pushing an amp to natural OD breakup is not a fad by any means...having large sound rigs in this modern era has allowed guys to get what they have been wanted from an even smaller amp(which in turn can keep stage volume down so we don't all go deaf like pete)...I don't understand the issue with that?
Seems like you are saying everything that's happened since the 60's is fad?
I'm not saying that the only way to go is with smaller wattage amps cranked up...I'm just saying it's not just a "fad" as has been stated. Guys that need a lot of clean headroom by all means use as much power as you need to get that headroom, there's nothing wrong with that. BUT on the other hand, just because a guy likes to have some natural tube OD at below ear splitting volumes doesn't make it a fad, worthless, or unusable. It just seems like that's what is being said here.
I use a peavey classic 30 much of the time...and it's kind of a tweener as far as power goes...it does what I need it to most of the time.
One more vote for a non-reverb SF princeton. The clean machine.
I never said it's worthless or unuseable, I only said amps like that are worthless and unuseable for me.
On the fad subject, it seems it's all the rage now to buy these little bitty amps, and poo-poo people who don't find them useable. Fifteen years ago you couldn't give away a Champ or similar amp. They were considered toys, and in my mind, rightfully so. Low wattage amps just don't have the girth or punch. When they get all cranked up the low end is either nearly non-existant, or loose and farty. There's no focus to the tone. It's more of a "splat". Or it sounds like a moquito. If you want a fat, thumpy, full spectrum sound, clean or OD, and you want to use a tube amp, you need 12" speakers, and you need watts.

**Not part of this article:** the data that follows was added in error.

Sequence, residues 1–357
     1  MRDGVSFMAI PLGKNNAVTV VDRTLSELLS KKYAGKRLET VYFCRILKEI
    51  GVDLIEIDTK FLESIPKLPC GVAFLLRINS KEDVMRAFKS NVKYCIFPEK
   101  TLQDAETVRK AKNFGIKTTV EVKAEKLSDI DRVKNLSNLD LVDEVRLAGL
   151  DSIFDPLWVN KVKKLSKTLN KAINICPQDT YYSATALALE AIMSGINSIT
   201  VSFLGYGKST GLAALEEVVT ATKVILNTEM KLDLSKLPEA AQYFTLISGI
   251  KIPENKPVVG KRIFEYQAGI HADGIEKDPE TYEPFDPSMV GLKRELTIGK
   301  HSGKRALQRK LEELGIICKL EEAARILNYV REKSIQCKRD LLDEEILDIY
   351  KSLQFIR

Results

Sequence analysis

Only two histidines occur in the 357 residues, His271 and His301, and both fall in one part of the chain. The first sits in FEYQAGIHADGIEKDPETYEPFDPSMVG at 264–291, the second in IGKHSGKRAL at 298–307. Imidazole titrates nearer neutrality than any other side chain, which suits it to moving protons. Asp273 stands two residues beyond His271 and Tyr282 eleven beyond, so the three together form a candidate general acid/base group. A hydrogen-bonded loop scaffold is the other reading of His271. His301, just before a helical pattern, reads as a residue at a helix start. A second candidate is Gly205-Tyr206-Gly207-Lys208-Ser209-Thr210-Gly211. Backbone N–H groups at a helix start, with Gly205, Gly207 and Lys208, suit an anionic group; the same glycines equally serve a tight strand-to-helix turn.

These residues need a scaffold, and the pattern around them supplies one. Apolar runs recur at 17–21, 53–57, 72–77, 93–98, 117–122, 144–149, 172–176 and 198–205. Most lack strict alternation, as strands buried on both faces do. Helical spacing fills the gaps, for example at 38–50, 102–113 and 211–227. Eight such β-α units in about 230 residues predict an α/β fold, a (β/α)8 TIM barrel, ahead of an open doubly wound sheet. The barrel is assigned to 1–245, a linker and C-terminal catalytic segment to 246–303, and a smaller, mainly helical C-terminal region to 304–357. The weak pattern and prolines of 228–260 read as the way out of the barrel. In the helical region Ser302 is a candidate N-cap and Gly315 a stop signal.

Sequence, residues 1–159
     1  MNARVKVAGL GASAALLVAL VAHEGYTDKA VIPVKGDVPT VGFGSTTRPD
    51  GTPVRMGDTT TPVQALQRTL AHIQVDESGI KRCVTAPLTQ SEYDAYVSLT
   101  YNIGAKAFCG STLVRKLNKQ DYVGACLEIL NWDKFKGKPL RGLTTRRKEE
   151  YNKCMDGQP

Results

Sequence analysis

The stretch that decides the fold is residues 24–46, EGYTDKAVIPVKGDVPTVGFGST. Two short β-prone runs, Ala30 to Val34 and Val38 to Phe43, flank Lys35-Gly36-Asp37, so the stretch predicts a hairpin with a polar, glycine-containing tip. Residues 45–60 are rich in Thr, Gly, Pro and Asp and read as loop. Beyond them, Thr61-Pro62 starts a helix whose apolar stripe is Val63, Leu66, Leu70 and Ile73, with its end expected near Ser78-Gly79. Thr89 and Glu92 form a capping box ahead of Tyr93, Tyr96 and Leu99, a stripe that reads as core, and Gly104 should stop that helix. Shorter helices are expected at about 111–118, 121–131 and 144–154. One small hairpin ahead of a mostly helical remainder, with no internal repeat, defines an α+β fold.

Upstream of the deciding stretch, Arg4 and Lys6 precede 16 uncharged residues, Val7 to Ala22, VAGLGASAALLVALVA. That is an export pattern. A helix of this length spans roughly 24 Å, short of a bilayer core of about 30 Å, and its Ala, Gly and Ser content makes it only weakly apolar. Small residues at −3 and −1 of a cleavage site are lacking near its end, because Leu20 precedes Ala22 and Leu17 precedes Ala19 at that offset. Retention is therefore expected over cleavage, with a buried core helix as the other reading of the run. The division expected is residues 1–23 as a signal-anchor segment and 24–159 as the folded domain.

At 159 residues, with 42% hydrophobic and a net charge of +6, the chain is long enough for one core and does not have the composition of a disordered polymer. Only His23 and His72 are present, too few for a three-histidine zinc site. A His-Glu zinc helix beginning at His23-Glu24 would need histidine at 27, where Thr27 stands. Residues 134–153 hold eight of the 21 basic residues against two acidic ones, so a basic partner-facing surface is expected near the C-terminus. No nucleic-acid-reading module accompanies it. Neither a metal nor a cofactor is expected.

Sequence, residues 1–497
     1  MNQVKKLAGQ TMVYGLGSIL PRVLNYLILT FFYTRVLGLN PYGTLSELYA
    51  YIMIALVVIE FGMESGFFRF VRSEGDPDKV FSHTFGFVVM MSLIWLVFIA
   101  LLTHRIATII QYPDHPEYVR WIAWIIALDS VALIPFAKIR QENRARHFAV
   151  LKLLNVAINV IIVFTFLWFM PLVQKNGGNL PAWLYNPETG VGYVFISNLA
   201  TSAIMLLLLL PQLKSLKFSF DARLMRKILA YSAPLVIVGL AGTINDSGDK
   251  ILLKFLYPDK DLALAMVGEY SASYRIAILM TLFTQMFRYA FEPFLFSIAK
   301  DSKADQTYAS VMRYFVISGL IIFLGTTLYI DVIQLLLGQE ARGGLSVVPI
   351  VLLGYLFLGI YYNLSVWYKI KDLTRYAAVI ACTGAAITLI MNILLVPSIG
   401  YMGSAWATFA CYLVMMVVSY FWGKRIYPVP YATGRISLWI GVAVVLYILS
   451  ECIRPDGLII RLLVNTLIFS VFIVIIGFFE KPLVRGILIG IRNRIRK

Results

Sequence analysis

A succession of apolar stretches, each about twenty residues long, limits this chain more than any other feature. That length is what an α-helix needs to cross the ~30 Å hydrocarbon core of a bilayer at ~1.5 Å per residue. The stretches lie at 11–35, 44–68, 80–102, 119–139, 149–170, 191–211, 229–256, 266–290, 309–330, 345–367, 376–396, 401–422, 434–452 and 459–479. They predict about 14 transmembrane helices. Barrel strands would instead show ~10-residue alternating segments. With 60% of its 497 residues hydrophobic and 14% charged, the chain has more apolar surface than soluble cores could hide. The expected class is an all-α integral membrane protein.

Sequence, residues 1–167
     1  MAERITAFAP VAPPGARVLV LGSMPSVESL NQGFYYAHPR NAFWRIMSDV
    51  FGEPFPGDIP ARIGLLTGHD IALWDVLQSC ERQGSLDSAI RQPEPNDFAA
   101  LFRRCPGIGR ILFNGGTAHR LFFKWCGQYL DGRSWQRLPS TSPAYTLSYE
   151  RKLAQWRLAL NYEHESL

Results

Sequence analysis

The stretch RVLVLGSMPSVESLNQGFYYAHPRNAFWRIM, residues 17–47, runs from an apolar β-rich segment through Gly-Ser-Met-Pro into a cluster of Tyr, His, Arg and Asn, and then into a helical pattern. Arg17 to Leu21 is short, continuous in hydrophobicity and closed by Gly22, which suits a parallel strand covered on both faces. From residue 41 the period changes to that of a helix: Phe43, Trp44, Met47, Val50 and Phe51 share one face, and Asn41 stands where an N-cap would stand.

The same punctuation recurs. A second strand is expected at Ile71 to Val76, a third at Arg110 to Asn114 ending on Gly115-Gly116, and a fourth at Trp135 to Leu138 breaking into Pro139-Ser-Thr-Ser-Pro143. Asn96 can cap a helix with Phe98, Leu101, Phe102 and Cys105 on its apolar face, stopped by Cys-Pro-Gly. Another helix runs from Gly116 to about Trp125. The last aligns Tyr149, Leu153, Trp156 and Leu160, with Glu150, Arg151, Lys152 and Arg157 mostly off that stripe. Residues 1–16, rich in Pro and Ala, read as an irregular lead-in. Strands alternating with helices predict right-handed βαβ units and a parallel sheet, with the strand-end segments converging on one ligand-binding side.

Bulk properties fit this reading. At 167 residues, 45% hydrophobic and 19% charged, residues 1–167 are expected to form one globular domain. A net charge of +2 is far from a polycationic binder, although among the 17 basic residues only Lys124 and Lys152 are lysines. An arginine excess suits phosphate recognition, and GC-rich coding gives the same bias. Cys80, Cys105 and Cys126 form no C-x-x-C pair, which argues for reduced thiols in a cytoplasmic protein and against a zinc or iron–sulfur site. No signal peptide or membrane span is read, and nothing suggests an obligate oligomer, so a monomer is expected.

Like I said, if one likes the sound of small amps, then by all means, play 'em. I recommended a NR Princeton in this thread, an amp I would never use live. Because for cleans, I think it does a better job for a low wattage amp than anything else I've heard.
I guess I should have been more clear. Maybe it ain't a fad, only time will tell. But for real, fifteen or even ten years ago amp manufacturers would never have all of the 5-15 watt offerings that are out there today. they would never have been able to sell them. Nobody wanted them. Vintage 5-15 watt amps have gone up in value three to four hundred percent in that time. This is a new craze. I think a lot of it is due to the fact that way more people play guitar now than ever before, and lots of them don't gig, or only jam in the basement/garage with friends. There's nothing wrong with that either, if it was all the playing I could do, I'd take it, believe me. It's way better than nothing. But I don't think it gives a real world picture of what these amps are really capable of vs. their bigger brothers, sisters, and cousins.
Some great tracks have been recorded with small amps. You can do lots of things in the studio. You can ad low end, compression, all kinds of things and make a tiny low watt amp sound huge. Some like to argue that the same thing can be done through a decent PA, and I would not disagree. However, then you have a great sound out front, which is not where you are, and not what you are hearing. What you get to hear is a little toy buzzing around behind you like a bug. Monitor systems are not always up to the same tasks that the FOH system is either. Or, you get a monitor rig that has one dedicated EQ, it's set up to optimize vocals, and it can't be changed without affecting the vocal sound negatively. Guess what? Your amp sounds TERRIBLE through it. Again, no fun.